SAN DIEGO—When service members leave active duty and receive healthcare in a different setting, care for conditions such as diabetes can suffer.
A study in Military Medicine pointed out that changes in healthcare have been shown to decrease diabetes care compliance and diabetes self-management, which has led to exacerbation in diabetes symptoms and increased healthcare expenditure.1
“A seamless transition in healthcare management from active duty to veteran status has the potential to maintain or increase diabetes self-management,” wrote the study team, led by researchers from the University of San Diego, Hahn School of Nursing and Health Sciences.
“A gap in the literature exists regarding the transition process between healthcare systems, including the DoD and VA. This paper describes the transition experience of a sample of veterans with diabetes from active duty to veteran status.”
To do that, researchers used a semi-structured questionnaire developed for the study to document the experiences of veterans diagnosed with diabetes while on active duty. Quantitative instruments S-TOFHLA and DDS were used as measurements of potential barriers to diabetes self-management and navigating or adjusting to a changed priority within a healthcare system.
Study authors documented two main themes expressed by participants:
- unplanned and undesired end of a military career, and
- feeling prepared to leave the military.
The quantitative measures indicated that all participants had adequate health literacy and no distress from diabetes.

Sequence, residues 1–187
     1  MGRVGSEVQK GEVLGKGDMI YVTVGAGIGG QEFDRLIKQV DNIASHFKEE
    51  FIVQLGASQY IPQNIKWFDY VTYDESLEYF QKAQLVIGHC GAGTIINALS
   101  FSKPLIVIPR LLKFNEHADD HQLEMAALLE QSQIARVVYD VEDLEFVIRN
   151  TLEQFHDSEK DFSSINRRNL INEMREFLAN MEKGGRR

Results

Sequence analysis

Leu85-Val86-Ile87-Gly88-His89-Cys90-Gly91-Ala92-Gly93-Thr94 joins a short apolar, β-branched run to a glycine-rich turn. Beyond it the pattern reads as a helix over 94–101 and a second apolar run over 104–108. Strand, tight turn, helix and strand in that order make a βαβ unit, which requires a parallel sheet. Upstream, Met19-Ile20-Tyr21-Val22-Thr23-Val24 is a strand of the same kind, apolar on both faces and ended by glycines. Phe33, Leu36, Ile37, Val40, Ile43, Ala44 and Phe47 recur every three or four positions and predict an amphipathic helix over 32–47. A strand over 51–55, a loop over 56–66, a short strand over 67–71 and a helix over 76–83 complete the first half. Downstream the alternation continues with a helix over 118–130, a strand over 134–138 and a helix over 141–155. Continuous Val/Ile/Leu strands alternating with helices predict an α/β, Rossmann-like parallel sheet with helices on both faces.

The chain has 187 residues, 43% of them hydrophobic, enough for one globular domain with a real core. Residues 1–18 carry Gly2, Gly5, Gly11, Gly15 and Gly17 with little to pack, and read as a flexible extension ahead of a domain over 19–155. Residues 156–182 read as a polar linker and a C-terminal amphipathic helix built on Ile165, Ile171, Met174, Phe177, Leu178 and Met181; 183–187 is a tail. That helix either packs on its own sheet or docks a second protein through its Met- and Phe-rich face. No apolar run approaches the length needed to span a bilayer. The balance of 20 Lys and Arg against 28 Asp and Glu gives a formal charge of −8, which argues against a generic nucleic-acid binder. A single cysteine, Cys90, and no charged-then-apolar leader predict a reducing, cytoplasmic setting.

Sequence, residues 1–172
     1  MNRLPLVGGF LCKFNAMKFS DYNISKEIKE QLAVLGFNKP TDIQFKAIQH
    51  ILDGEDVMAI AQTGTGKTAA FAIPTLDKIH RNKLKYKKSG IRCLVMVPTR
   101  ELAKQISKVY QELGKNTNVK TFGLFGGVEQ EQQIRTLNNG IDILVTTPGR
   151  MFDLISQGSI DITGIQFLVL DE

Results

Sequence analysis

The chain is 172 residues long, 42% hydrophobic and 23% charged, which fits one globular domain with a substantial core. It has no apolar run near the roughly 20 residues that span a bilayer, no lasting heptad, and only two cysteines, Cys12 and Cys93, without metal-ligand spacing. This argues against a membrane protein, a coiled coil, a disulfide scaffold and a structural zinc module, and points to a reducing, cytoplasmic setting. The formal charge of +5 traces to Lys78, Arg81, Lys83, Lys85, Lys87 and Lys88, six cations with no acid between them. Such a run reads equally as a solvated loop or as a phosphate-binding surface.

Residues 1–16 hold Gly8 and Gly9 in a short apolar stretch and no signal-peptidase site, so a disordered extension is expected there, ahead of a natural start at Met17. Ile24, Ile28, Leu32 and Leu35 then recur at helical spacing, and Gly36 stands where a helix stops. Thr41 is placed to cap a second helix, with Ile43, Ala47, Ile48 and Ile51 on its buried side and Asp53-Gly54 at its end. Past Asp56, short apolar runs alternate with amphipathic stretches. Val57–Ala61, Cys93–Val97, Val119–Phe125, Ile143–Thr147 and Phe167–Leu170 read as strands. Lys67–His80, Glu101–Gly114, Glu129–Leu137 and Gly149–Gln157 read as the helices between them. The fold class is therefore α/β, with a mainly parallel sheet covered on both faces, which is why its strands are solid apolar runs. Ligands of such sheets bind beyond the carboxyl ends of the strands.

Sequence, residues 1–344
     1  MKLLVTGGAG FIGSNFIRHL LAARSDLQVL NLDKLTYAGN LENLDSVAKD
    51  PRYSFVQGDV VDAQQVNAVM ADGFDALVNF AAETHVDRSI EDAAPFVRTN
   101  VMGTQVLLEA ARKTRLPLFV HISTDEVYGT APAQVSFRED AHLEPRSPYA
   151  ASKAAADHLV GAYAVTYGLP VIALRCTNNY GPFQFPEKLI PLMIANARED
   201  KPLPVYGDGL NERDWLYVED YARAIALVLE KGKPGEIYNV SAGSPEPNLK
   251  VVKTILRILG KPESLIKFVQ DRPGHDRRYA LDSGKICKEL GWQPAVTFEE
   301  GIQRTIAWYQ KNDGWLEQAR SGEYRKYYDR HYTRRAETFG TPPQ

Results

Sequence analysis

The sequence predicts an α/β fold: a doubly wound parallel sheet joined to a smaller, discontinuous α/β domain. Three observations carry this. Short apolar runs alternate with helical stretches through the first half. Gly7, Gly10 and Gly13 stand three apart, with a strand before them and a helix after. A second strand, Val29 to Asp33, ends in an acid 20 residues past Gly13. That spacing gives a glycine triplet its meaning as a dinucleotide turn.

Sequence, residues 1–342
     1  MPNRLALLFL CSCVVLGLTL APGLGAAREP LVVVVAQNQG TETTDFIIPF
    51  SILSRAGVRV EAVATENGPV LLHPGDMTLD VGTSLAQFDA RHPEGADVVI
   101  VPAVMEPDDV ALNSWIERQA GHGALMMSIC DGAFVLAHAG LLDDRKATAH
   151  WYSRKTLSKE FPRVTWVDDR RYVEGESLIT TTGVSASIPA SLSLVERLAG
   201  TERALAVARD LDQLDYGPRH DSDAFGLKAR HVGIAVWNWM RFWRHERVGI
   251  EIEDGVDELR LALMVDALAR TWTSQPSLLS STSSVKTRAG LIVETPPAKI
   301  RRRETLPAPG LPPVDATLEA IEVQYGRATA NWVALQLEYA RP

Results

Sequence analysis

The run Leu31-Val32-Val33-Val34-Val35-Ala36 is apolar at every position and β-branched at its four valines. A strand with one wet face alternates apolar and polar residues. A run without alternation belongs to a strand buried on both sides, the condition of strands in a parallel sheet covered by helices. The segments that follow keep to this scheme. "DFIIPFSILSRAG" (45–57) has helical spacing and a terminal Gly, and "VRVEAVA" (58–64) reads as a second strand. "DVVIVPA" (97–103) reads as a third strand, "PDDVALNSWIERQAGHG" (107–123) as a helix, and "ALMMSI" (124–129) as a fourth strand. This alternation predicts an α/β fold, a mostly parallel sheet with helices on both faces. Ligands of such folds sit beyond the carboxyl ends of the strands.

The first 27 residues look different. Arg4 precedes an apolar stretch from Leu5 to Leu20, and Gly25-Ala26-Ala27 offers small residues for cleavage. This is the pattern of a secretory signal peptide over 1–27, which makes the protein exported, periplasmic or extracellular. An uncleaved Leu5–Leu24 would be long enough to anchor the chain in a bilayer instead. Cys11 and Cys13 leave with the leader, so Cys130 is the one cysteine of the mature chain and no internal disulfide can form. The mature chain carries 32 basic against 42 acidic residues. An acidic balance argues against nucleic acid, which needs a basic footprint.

In fact, study participants reported consistent compliance in diabetes self-management, according to the study.
“Skills and attitudes obtained during military service led to participants’ desire to manage their healthcare with determination to cope with challenges accompanying diabetes,” the authors concluded. “The healthcare transition process would benefit from additional exploration of veterans’ needs. Improved processes may facilitate the healthcare management transition of personnel with diabetes from active duty to veteran status.”
Malebranche M, Burkard J, Georges J, Bittleman D. The Veterans With Diabetes Transition Study. Veterans Experience of the Process of Transition Following Active Duty Diagnosis. Mil Med. 2019 Jan 24. doi: 10.1093/milmed/usy351. [Epub ahead of print] PubMed PMID: 30690514.
HINES, IL—Older age, obesity and Agent Orange exposure create a trifecta of diabetes risk for the VA. Nearly 25% of veterans have diabetes, making efficient and effective management of their care a top concern for... View Article
Replacing Retirees Hampered by Lower Salaries WASHINGTON—Oversight agencies are sounding the alarm that VA is plagued with large staffing shortages in critical areas, including physicians, registered nurses, physician assistants, psychologists and physical therapists, as well... View Article